In addition to its third-party clients, secure and privacy-respecting messaging client Telegram officially released a desktop client last month. However, it seems that developers are obsessed with the messaging service. There is a new Qt based client ready for download.
The name Cutegram seems to be quite justified for the app. It uses the latest Qt libraries (version 5) and the most popular iconset (Faenza) available for Linux.
- File sending and receiving
- Secret chat (Experimental)
- Native desktop notification
- Customizable fonts
- System tray icon
- Modern GUI. Integrates with Unity. Gnome, KDE and other desktops.
- Drag and drop support to forward, delete messages and send files
- Twitter emojies
- Beautiful and smooth user interface using QML technology
- Packages for generic Linux and Ubuntu available
- Open Source and free
Packages are available for download on the Cutegram website.
If you haven’t heard about it, Telegram is a secure WhatsApp alternative. You can read more about Telegram from an earlier article here. Telegram exposes APIs for clients and a Pidgin plugin is available to use Telegram from the Linux desktop. However, the service was lacking a native client on Linux.
Telegram has now released its own Qt based native client on Linux, named Telegram Desktop. The look and feel closely follows that of the web client.
The package can be downloaded directly from the website (linked below).
Webpage: Telegram Desktop
We visited Telegram in one of our earlier articles. It is a secured WhatsApp alternative with APIs available for implementing clients on various platforms. Telegram already has multiple unofficial clients (like Sigram). But many Linux users would love the capability to communicate with Telegram contacts right from Pidgin, a popular multi-protocol chat client. Telegram-Purple is a fresh Pidgin plugin that adds Telegram support to Pidgin using libpurple.
The development is still in the early stages and basic functionality is ready. Current functional features include:
> Send/receive messages
> Discover buddies/chats
> Discover buddy state and info
- Profile Pictures
> Download and use profile pictures
- Adium Plugin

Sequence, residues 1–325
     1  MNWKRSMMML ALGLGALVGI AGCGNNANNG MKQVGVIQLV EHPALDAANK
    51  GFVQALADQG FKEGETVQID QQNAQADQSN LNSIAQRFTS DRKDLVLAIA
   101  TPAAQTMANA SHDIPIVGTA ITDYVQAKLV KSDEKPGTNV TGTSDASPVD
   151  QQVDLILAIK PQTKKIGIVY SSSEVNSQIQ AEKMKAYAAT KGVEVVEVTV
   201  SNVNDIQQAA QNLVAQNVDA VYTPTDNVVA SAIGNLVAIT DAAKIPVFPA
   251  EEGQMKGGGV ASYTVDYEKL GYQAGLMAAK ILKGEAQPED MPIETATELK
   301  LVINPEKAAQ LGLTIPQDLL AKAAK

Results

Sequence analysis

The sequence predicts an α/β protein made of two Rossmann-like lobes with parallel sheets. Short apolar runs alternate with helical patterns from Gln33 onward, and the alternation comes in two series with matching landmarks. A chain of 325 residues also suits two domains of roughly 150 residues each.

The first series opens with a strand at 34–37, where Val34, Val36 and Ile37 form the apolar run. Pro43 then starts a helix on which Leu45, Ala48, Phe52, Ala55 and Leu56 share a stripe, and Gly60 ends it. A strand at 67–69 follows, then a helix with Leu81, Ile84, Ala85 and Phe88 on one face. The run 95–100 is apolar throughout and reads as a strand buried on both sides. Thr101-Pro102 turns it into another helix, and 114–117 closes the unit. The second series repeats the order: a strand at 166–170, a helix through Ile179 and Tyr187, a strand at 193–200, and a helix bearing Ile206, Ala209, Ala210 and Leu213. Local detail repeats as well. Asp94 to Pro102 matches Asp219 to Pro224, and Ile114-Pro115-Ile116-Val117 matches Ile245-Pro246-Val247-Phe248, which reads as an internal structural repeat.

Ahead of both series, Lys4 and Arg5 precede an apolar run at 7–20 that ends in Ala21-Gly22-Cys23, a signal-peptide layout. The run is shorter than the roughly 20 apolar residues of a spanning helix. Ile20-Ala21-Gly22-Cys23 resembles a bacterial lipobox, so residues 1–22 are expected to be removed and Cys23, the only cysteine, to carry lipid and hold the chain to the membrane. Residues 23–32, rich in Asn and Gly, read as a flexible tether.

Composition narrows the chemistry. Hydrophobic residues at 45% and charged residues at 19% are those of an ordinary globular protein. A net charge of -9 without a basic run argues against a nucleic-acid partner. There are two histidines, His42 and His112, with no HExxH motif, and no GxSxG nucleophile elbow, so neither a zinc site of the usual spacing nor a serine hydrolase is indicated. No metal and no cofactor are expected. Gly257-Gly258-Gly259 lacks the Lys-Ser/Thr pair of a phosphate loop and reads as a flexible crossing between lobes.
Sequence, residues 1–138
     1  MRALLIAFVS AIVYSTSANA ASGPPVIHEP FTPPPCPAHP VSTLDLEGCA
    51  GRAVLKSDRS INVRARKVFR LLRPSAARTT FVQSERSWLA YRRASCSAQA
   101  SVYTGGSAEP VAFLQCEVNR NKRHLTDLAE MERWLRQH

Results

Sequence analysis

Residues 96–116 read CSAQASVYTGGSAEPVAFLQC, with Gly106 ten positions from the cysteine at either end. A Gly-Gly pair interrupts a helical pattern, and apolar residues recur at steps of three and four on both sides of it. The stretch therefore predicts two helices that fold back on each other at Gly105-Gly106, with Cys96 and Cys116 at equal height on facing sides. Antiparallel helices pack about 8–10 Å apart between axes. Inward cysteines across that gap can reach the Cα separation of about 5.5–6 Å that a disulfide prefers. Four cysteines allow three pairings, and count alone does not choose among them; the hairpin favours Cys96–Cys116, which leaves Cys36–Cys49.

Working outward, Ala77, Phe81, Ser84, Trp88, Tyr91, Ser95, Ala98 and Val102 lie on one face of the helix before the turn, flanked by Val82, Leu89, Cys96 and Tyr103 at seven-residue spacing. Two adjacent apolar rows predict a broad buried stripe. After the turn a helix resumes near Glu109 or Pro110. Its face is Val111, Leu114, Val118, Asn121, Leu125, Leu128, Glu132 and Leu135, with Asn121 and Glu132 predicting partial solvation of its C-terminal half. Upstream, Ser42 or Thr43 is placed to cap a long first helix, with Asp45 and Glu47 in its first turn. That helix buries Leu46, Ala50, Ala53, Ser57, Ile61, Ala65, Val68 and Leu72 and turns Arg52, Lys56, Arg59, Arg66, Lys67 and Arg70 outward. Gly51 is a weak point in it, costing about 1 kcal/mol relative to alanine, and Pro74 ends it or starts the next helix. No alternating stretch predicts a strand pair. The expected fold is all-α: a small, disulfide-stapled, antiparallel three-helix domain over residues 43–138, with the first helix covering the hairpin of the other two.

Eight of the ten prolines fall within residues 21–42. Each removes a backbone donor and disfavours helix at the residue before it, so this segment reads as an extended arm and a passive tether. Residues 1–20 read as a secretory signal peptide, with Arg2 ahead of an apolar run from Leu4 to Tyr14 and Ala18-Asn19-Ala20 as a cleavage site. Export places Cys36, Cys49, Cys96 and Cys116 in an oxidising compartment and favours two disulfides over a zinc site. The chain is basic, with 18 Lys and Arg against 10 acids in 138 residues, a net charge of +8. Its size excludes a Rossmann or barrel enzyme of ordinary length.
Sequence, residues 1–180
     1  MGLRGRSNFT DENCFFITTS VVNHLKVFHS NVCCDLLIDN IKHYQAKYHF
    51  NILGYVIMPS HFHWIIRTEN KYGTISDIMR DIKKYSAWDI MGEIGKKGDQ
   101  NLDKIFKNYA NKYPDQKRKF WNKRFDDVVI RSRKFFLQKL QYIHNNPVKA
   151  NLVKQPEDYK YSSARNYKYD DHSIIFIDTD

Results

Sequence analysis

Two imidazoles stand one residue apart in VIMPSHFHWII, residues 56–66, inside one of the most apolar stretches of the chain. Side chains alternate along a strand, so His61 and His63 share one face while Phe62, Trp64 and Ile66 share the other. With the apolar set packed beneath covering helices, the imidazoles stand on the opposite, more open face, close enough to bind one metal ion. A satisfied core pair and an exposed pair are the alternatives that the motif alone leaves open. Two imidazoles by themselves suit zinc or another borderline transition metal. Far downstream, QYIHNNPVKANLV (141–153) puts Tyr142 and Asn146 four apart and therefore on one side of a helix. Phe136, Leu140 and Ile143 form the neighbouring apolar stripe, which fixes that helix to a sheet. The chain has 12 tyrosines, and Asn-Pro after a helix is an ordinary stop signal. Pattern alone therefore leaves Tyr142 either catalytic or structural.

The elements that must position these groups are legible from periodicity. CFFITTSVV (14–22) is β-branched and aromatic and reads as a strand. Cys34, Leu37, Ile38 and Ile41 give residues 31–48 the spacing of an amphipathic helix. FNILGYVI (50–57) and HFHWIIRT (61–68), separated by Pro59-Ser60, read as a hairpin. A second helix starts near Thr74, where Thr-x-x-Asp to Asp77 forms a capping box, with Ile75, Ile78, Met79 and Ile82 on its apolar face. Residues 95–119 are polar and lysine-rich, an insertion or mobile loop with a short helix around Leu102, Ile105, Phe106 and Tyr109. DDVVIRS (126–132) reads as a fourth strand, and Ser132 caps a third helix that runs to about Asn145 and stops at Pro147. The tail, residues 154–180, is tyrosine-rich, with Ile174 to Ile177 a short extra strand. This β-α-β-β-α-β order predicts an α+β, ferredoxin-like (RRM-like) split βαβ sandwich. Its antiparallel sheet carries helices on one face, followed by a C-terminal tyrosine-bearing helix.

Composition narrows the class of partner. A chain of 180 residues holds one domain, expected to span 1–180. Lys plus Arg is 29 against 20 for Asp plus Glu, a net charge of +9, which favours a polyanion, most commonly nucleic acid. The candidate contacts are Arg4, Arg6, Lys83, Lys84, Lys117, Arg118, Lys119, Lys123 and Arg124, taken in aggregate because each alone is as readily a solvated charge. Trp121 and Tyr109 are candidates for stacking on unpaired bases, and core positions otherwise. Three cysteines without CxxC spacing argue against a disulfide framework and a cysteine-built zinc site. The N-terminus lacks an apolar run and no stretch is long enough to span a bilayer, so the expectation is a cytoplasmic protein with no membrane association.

- Encrypted chats
- Picture, audio and video messages
- File transfers
- Multiple accounts on one client
- Respect libpurple proxy settings (implemented but untested)
To install the plugin on Ubuntu:
$ sudo add-apt-repository ppa:nilarimogard/webupd8
$ sudo apt-get update
$ sudo apt-get install telegram-purple
When you open Pidgin the next time, Telegram plugin will show up in the list of supported protocols. Use your phone number as the username. A verification SMS will be sent to the number. You’ll see a prompt asking for the code. Enter it and you are done.
We wrote about Tox, a privacy focused messaging app in a previous article. Tox nightlies are available for testing now. And we also have a thin Tox client – uTox. Definitely a welcome news for privacy-aware users. Features:
- Text chats.
- File transfers.
- Audio and video calls.
- Desktop sharing (video stream or screenshot).
- Text-only group chats. Work in progress on audio video group chats at the time of writing.
- Add friends using Tox ID.
- Use as a web service using Name and Tox ID or download the client for Linux, Windows and Android.
Alternative Tox clients: Toxic, qTox, Ratox
Run the following commands to set up the repositories and update package information:
$ sudo apt-key del 0C2E03A0
$ sudo sh -c 'echo "deb https://repo.tox.im/ nightly main" > /etc/apt/sources.list.d/tox.list'
$ wget -qO - https://repo.tox.im/pubkey.gpg | sudo apt-key add -
$ sudo apt-get install apt-transport-https
$ sudo apt-get update -qq
You can install any of the following Tox clients now:
$ sudo apt-get install utox
$ sudo apt-get install toxic
$ sudo apt-get install qtox
$ sudo apt-get install ratox
In one of our past articles we wrote about Telegram, a secure alternative to WhatsApp. While Telegram has many clients it was lacking a native Linux client till now. Sigram fills in the gap. Let’s look at the features other than basic ones expected in any chat client:
- Awesome look and feel with a different interface and smooth animations.
- Very easy to use.
- Full media transfer support between Sigram and any other Telegram client.
- Integrated with Limoo to preview pictures.
- Open source.